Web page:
Having come to know Cherie Priest first (through a convention) and the books she writes as a result of thinking “this is a wonderful person”, it’s quite possible that I was pre-destined to like this book as much as I enjoyed the previous book of hers read, Boneshaker. That said, Dreadnought is not the same book, but is just the same level of fascinating read. While last year’s book was set in a small geographic area and stressed character and rules of the world over action (while still including the latter very much), Dreadnought covers nearly half of the USA geographically (as the heroine rushes to the side of her dying father) as a plenitude of dangers attempt to block her travels.
This might sound a bit patronizing, but isn’t intended to: Priest writes the best action scenes I’ve ever seen from a female author, bar none. In order to qualify that statement, I’ll further say that this is among some of the very best action-based narrative I’ve ever read, including Desmond Bagley and Ian Flemming. It’s often thought that woman either can’t or don’t write action scenes, but this is bumf; it’s just more ‘manly’ to have people zipping around and shooting at each other, that’s all.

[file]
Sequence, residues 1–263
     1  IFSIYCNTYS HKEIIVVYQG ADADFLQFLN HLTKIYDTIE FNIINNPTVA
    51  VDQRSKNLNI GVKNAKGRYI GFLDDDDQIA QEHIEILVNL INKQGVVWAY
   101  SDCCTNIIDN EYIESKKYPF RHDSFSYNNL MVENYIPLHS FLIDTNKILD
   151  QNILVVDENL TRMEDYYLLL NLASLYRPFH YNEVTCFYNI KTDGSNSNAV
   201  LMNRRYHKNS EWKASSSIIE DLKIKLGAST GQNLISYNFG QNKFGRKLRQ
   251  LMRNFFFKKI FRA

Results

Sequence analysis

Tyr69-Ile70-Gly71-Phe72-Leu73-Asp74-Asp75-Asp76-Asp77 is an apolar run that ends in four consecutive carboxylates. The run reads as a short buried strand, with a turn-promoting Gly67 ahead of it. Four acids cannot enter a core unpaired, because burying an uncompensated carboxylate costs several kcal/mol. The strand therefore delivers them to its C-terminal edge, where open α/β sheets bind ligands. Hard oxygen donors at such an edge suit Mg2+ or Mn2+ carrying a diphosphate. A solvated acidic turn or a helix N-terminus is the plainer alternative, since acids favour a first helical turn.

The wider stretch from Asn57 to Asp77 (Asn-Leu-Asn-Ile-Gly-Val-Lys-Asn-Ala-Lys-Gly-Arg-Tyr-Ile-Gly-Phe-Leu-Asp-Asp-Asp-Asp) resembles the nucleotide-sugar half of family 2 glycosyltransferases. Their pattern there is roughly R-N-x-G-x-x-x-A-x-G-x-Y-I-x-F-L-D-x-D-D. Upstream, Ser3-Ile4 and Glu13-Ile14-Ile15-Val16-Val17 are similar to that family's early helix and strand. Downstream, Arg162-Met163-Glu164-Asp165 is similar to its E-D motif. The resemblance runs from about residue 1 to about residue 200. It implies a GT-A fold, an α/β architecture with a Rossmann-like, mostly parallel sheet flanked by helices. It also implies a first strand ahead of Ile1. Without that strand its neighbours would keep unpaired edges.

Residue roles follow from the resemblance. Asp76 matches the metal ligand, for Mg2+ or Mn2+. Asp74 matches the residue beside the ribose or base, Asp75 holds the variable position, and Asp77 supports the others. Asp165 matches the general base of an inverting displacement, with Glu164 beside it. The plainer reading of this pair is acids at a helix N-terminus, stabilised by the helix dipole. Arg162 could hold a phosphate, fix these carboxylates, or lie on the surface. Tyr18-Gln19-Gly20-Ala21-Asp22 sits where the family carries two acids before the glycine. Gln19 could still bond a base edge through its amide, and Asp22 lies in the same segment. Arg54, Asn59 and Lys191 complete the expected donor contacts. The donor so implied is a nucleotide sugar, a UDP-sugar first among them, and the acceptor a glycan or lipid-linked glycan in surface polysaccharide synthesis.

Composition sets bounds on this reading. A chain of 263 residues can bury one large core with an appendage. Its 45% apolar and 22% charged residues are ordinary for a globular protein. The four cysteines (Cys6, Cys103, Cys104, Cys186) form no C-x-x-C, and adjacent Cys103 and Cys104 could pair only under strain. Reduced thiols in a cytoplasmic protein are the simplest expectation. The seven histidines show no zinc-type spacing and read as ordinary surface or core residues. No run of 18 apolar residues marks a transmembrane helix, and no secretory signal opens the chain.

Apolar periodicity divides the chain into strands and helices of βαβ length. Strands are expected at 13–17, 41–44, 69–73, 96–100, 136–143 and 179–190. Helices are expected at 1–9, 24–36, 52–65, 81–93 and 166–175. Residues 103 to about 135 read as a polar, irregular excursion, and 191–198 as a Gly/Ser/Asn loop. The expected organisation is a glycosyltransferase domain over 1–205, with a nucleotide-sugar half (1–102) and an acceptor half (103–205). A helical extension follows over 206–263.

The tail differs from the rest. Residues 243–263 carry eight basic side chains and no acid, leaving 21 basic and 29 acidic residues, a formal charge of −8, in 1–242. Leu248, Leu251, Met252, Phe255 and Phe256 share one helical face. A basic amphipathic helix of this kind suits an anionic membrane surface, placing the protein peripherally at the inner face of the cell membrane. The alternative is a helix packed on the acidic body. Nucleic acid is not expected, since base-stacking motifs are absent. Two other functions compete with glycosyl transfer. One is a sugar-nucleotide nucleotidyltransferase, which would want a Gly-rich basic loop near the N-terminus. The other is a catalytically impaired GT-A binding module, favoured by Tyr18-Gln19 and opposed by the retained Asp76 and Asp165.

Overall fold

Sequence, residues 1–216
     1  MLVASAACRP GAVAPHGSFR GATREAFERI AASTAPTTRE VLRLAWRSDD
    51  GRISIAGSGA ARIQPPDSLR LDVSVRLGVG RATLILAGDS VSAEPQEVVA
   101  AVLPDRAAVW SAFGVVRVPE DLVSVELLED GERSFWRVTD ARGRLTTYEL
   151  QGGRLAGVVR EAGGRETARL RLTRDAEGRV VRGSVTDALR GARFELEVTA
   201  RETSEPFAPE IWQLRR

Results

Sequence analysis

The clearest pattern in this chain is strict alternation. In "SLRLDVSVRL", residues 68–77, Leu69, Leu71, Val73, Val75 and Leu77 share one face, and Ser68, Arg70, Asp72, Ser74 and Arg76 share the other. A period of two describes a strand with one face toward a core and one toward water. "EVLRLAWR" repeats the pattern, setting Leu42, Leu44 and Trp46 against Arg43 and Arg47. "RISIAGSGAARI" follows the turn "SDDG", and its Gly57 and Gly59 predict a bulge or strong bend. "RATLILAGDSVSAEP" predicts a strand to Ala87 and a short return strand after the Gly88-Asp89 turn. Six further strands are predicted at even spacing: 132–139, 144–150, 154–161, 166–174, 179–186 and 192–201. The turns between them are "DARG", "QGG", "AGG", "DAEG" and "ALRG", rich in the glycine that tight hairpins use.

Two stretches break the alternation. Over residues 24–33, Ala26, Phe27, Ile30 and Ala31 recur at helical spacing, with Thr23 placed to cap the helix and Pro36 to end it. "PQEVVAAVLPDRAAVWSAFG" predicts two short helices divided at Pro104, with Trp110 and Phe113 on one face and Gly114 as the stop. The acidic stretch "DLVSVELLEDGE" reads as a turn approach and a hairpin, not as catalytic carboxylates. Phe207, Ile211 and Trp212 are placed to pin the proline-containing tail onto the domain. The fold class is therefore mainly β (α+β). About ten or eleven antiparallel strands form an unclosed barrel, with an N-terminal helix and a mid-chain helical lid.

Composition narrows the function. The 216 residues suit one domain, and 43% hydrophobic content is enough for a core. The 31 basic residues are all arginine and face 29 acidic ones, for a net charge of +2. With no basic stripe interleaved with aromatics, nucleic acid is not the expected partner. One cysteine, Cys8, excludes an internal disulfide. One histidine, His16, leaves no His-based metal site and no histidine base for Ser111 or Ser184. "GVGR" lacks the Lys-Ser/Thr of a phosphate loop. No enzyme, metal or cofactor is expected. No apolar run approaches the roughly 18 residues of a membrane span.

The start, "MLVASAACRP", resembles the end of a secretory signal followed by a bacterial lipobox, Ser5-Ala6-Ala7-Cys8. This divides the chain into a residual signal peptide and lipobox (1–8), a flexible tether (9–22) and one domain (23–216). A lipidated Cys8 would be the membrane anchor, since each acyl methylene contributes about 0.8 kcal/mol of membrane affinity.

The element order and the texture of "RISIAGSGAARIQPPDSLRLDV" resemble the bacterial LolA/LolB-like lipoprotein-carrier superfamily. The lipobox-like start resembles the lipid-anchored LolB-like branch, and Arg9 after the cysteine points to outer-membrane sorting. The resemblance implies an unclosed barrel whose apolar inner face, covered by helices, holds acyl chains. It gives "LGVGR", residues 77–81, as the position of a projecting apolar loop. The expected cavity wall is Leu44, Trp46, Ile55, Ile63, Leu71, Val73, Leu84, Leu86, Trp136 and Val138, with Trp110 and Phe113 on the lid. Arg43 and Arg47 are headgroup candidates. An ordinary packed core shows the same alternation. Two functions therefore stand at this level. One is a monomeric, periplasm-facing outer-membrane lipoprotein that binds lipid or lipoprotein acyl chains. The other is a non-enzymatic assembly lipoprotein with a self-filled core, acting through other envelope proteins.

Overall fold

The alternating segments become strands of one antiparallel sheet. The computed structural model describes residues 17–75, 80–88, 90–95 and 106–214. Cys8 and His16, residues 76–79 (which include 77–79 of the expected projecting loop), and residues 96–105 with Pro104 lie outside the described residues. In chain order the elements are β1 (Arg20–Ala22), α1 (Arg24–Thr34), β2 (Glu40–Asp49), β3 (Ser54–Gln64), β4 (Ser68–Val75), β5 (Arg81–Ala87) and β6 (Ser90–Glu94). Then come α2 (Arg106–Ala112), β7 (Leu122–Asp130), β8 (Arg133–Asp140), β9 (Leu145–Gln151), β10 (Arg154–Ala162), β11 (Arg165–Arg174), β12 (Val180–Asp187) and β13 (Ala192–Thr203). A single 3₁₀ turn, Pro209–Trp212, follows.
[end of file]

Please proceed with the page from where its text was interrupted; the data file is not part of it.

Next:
Strong female characters with Father Issues seem to be recurring themes of Ms Priest’s, and this novel is the same, with the protagonist being both a young war-widow and her father becoming estranged from the family when she was quite young; her previous novel having similar aspects to it. This is where the parallels end, however, and we have an entirely different sort of woman to root for in Dreadnought: one who must learn to act, to trust her instinct, and to take chances far in excess than she might have even imagined before. Previously a nurse acting as part of a team, in many ways now she must lead and directly influence the decisions of others.
An exceedingly wonderful book, filled with rich detail, setting, and characterization. An action-based plot to keep one interested, and train-based technology that I happen to have a fascination for. Bits of humour here and there, some zombies, plus some Civil War politics that I’d never quite got a handle on before now.
This is a book that’s good for just about anyone, but especially for a young woman who might be looking for a role model of ingenuity, resourcefulness, and down-right solid moral code.
WARNING: some language, but no more that you’ll hear standing around a 7 – 11 for about twenty minutes, or watching the occasional TV show after 9:00 pm.